SCOPE OF IRRIGATION ENGINEERING
Irrigation engincering, as practised in ndia, is not confined only to the application of water to the land for raising crops.
It includes all aspects and problems extending from the watershed to the agricultural fields.
It deals with hydrology, river engineering, the design and construction of dams, weirs, canals and various other hydraulic and irrigation structures.
It also deals with the problems of sub-surface drainage, soil reclamation, irrigation practices and water-soil-crop relationships.
Generally, allied subjects such as flood control, hydropower, inland navigation are also studied in irrigation engineering.
In fact, irrigation engineering embraces almost all the aspects of water resources engineering and the multipurpose river valley projects discussed in the preceding section.
The various aspects of irrigation engineering can be divided into the following sub-heads :
1) WATER RESOURCES AND HYDROLOGY ASPECT :
The first aspect of irrigation engineering is to locate various water resources and to study the hydrology of the region.
The basic knowledge of water resources engineering and hydrology is essential for an irrigation engineer.
Hydrology is a science that deals with the depletion and replenishment of the water resources on the earth.
It includes study of meteorology, precipitation, stream flow, floods, river engineering, reservoirs and flood control.
While designing and planning various irrigation structures, such as dams, reservoirs, spillways. aqueducts and tube wells, the irrigation engineer requires the following information :
- The quantity of water that will be available at a reservoir site for storage. It is obtained from the actual stream gauging, and rainfall and runoff characteristics.
- The maximum discharge at a river site. Hydrographs and the flood frequency studies are made to estimate the maximum discharge.
- The reservoir capacity that would be required to assure adequate water for irrigation, hydropower, and municipal water supply.
- The quantity of ground water which can be economically exploited for various uses.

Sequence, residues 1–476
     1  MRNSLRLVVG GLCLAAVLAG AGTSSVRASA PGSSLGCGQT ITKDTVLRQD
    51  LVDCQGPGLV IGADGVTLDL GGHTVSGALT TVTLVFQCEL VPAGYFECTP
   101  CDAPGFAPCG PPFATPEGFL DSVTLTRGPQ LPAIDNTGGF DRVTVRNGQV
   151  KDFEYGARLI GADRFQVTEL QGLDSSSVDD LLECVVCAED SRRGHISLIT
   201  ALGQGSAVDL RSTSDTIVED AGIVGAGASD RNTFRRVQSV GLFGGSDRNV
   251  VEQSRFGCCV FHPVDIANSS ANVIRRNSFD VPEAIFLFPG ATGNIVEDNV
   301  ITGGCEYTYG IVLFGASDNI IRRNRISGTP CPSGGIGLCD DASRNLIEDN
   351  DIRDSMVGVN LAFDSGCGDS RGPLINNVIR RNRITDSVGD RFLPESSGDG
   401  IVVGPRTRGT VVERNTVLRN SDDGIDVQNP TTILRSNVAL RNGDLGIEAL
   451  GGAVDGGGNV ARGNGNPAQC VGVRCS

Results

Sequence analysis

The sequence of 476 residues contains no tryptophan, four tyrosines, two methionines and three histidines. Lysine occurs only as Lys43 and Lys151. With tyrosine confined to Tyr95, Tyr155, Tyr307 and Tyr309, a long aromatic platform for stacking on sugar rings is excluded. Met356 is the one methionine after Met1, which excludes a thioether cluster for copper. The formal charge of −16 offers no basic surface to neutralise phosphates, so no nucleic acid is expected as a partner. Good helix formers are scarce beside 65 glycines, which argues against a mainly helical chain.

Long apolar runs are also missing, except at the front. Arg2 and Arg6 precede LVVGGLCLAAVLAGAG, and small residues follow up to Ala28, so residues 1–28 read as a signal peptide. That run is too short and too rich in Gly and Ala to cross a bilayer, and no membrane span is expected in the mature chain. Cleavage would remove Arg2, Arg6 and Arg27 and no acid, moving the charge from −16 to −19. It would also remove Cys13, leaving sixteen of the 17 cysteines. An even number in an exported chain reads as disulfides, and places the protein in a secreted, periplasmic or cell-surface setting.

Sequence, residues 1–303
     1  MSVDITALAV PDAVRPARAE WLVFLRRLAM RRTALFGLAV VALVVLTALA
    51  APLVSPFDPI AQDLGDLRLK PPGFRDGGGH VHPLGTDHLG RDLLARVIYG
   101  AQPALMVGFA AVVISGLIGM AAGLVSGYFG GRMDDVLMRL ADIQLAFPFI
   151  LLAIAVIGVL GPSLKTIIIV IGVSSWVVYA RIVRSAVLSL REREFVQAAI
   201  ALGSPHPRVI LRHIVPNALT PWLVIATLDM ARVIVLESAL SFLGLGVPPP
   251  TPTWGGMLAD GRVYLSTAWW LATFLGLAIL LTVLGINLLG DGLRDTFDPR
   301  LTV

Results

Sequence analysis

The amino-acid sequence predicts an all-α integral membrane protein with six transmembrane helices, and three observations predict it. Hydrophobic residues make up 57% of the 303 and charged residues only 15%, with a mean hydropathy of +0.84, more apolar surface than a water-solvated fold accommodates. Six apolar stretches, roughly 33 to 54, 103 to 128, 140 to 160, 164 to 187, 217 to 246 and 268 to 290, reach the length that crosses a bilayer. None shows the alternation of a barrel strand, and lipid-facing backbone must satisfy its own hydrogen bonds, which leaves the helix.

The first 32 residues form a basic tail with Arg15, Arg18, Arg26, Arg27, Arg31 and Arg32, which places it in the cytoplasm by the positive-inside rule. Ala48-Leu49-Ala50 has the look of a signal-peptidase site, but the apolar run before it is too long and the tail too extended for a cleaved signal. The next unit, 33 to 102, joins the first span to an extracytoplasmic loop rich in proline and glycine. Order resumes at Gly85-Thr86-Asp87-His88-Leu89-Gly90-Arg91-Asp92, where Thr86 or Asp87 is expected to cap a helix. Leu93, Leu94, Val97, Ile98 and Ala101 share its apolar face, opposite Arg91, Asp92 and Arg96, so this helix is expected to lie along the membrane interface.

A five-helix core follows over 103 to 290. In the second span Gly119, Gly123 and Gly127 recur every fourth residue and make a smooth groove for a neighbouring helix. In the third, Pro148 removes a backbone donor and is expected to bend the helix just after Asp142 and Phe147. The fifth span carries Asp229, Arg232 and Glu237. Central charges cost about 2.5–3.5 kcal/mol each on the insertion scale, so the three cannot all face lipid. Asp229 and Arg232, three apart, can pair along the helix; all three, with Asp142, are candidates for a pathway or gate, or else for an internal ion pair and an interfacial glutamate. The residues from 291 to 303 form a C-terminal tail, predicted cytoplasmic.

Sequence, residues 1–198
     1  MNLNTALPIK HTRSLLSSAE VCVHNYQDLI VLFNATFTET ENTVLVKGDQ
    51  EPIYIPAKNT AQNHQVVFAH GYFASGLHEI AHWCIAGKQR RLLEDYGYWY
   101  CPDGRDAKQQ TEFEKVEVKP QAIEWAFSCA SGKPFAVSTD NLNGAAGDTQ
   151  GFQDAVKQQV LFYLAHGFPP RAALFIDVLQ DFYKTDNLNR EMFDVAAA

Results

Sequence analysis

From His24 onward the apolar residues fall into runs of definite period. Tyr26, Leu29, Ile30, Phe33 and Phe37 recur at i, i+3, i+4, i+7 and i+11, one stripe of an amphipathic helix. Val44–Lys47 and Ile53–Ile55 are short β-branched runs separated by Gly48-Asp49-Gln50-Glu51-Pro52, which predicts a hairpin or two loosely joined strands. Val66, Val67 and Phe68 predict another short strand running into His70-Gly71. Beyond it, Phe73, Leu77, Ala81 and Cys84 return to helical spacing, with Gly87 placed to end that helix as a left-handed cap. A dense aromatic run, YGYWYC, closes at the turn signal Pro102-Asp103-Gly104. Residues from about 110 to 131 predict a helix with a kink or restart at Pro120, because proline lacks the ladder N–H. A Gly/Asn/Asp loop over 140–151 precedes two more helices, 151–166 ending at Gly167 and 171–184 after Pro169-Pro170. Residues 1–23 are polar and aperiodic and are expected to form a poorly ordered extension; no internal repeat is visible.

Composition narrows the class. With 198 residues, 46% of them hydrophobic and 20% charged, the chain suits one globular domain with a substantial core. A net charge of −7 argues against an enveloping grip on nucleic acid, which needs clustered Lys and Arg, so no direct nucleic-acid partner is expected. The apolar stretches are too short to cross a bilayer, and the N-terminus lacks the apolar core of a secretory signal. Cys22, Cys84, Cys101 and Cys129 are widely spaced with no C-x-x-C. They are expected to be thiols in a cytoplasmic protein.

- The effects which are likely to occur on the discharge, water levels and characteristics of the river after the construction of various irrigation structures.
2) ENGINEERING ASPECT :
The engineering aspect of irrigation engineering involves development of a source of water for irrigation and construction of various irrigation structures for the storage, diversion, conveyance and application of water.
It is a vast field and can be subdivided into the following :
i) Dams and Water Power Engineering :
For utilisation of surface water, a dam is across the river to create a reservoir.
This phase includes the study of different types of dams, spillways, constructed dam outlets, hydroelectric power house, etc.
ii) Diversion and Distribution Engineering:
For perennial rivers, diversion head works are constructed to raise the water level and direct the water into the canals.
A pickup weir is required on a non-perennial river if there is a dam on the upstream which releases stored water into the river.
A distribution system consisting of a network of canals is required to convey the water to the agricultural fields.
This phase involves design and construction of the weir, head regulators, canals, falls, cross-drainage works, canal outlets and various other canal structures.
iii) Minor irrigation schemes :
This includes well irrigation, tank irrigation, bandhara irrigation and inundation irrigation.
3) AGRICULTURAL ASPECT :
The agricultural aspect involves irrigation practice and the study of agricultural characteristics of the land.
i) Irrigation Practice :
The water available at the canal outlet is taken to the agricultural fields through small channels called water courses.